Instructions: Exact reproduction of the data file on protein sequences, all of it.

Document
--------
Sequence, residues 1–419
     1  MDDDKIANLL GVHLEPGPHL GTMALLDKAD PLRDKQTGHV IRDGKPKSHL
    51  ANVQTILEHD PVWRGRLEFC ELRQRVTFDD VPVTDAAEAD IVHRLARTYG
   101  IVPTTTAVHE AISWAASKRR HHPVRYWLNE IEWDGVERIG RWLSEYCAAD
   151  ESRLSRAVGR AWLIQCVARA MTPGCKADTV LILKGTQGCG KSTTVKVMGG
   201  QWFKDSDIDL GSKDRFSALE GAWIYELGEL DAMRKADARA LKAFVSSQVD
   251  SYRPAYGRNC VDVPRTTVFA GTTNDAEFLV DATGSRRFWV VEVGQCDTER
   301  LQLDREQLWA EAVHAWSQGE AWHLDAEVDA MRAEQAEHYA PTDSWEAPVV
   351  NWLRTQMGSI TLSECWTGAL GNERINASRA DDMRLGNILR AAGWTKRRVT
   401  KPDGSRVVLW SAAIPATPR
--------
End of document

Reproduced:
Sequence, residues 1–419
     1  MDDDKIANLL GVHLEPGPHL GTMALLDKAD PLRDKQTGHV IRDGKPKSHL
    51  ANVQTILEHD PVWRGRLEFC ELRQRVTFDD VPVTDAAEAD IVHRLARTYG
   101  IVPTTTAVHE AISWAASKRR HHPVRYWLNE IEWDGVERIG RWLSEYCAAD
   151  ESRLSRAVGR AWLIQCVARA MTPGCKADTV LILKGTQGCG KSTTVKVMGG
   201  QWFKDSDIDL GSKDRFSALE GAWIYELGEL DAMRKADARA LKAFVSSQVD
   251  SYRPAYGRNC VDVPRTTVFA GTTNDAEFLV DATGSRRFWV VEVGQCDTER
   301  LQLDREQLWA EAVHAWSQGE AWHLDAEVDA MRAEQAEHYA PTDSWEAPVV
   351  NWLRTQMGSI TLSECWTGAL GNERINASRA DDMRLGNILR AAGWTKRRVT
   401  KPDGSRVVLW SAAIPATPR